The point is this: reality seems flawless because your brain assumes it is, and ignores cases where it isn't. Even when the changes are large, like a completely different person taking over halfway through a conversation, or numerous continuity errors in movies that almost all bounce right off of us. So I don't think that you can take amazing glitch free continuity as evidence that we're not in a simulation, since we may not see the bugs.
↑ comment by jbash ·
2023-04-26T17:24:54.545Z · LW(p) · GW(p)
Doesn't that mean you have to do an awful lot of work to design everything in tremendous detail, and also fabricate the back story?
Replies from: dave-orr
↑ comment by Dave Orr (dave-orr) ·
2023-04-26T17:48:43.898Z · LW(p) · GW(p)
I don't actually follow -- how does change blindness in people relate to how much stuff you have to design?Replies from: jbash
↑ comment by jbash ·
2023-04-26T18:00:43.202Z · LW(p) · GW(p)
I assumed you meant that you (as the one running the simulation) had arranged for people to be change-blind. Which means that there's no particular reason that you yourself would be change-blind.
So you can't just make the people copies of yourself, or the world a copy of your own world. You have to design them from scratch, and then put together a whole history for the universe so that their having evolved to be change-blind fits with the supposed past.
On edit: and of course you can't just let them evolve and assume they'll be change-blind, unless you have a pretty darned impressive ability to predict how that will come out.
Replies from: jbash
↑ comment by jbash ·
2023-04-26T18:13:53.721Z · LW(p) · GW(p)
OK, wait, I think I get it. It's an anthropic thing. You happen to be human, and humans happen to be change-blind, so you take advantage of that to run your simulation, and we observe it because you wouldn't have run the simulation if you (and therefore we) weren't change-blind. Is that right?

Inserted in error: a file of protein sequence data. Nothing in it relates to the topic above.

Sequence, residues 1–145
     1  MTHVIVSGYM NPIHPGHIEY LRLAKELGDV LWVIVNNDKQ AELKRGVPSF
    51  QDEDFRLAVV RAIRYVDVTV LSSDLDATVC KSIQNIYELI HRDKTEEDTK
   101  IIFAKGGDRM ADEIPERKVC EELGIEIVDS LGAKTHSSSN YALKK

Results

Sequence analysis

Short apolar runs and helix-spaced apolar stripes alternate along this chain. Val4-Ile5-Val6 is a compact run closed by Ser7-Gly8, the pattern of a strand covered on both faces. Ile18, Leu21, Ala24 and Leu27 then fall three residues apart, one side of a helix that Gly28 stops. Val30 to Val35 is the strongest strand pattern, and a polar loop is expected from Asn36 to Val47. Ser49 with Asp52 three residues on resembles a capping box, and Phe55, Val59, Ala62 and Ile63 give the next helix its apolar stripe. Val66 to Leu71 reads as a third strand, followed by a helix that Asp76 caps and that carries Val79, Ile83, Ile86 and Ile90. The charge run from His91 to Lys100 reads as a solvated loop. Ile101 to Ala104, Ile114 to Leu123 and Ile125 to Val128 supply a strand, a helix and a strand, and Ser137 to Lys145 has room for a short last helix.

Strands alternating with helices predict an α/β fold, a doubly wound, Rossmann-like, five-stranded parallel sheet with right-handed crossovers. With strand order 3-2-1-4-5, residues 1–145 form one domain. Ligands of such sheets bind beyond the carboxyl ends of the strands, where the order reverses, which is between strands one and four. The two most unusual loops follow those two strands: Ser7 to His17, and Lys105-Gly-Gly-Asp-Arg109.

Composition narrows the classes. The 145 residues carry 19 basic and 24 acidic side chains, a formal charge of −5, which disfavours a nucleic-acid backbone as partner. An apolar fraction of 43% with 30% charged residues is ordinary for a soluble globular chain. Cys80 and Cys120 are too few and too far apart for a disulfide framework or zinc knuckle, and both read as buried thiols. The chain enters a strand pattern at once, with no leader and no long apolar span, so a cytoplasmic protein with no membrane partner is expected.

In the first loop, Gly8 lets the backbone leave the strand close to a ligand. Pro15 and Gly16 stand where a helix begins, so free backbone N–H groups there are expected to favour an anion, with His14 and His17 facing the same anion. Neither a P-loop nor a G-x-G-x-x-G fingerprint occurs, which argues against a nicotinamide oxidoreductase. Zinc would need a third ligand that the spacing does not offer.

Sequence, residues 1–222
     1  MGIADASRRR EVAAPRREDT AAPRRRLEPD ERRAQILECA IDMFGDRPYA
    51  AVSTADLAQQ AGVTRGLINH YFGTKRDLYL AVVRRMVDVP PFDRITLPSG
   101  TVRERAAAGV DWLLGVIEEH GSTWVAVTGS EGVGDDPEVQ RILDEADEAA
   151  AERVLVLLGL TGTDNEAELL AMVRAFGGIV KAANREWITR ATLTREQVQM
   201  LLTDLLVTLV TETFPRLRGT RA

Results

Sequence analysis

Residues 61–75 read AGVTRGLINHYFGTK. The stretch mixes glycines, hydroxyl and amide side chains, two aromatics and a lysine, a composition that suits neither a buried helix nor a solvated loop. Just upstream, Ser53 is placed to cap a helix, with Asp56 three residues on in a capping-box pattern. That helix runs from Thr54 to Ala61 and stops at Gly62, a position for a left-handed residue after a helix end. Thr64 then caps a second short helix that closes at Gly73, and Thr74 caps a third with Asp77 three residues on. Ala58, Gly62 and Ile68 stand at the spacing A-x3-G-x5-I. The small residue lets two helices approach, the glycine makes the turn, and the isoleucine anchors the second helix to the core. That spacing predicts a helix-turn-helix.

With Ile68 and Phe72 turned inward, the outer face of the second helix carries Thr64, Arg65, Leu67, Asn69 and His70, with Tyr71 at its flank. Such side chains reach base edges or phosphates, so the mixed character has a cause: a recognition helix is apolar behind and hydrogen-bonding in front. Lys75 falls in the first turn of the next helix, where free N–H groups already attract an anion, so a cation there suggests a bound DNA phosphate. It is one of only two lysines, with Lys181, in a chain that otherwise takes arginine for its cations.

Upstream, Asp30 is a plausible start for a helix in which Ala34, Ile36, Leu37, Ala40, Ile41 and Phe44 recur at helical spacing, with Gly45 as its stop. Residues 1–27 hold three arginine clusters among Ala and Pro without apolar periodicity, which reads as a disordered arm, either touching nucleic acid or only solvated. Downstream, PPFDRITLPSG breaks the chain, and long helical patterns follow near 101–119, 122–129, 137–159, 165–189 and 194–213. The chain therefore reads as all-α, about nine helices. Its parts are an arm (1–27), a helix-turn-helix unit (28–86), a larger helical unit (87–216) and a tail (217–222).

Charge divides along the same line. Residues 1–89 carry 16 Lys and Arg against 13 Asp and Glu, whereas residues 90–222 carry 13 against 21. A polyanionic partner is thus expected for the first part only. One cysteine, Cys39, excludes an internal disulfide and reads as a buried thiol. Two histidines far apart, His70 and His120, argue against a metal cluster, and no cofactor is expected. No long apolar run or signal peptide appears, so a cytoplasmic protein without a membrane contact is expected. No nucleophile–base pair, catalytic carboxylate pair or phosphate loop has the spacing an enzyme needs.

answer by jbash
) · GW
If the simulation were running on a substrate very different from the "reality" being simulated, then it might not have the same resource limitations we're used to, and it might not have any resource-conserving hacks in it.
If you have infinite computing power, and are in a position to simulate all of the physics we can access starting from the most ontologically fundamental rules, with no approximations, quantizations, or whatever, it's relatively easy to write something that won't glitch. To get the physics we seem to have, you might actually have to have "uncountably infinite computing power", but what's special about ℵ₀ anyhow?
Admittedly, I don't know if the entities that existed in such a universe would count as "biological". And if you keep going down that road you start to run into serious questions about what counts as a simulation and what counts as reality, and the next thing you know you're arguing with a bunch of dragonflies and losing.